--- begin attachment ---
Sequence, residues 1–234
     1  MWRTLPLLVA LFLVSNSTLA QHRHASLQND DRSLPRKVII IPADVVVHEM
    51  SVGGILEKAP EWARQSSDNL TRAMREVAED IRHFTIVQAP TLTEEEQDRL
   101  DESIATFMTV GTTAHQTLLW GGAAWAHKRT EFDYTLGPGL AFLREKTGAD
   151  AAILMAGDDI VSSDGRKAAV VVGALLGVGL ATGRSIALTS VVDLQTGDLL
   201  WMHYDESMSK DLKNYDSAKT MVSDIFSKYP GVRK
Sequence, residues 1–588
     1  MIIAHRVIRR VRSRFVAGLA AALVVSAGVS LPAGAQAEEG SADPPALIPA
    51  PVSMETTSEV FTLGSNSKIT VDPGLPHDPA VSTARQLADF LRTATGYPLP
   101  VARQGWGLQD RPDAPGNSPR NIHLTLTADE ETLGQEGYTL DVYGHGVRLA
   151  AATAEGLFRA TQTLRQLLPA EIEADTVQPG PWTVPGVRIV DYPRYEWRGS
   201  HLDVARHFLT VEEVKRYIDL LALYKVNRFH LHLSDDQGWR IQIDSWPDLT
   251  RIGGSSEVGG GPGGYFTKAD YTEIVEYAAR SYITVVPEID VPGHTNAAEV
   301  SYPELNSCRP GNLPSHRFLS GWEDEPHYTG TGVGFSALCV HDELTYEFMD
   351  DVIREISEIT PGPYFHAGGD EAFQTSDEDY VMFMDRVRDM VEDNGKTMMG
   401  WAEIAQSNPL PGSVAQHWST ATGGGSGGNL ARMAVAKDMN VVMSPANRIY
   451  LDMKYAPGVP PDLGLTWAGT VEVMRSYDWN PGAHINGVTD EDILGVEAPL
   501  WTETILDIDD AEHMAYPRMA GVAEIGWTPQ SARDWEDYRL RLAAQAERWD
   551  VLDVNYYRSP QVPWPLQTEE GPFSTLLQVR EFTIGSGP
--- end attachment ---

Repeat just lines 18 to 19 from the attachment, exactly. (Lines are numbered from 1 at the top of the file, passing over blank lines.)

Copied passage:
   501  WTETILDIDD AEHMAYPRMA GVAEIGWTPQ SARDWEDYRL RLAAQAERWD
   551  VLDVNYYRSP QVPWPLQTEE GPFSTLLQVR EFTIGSGP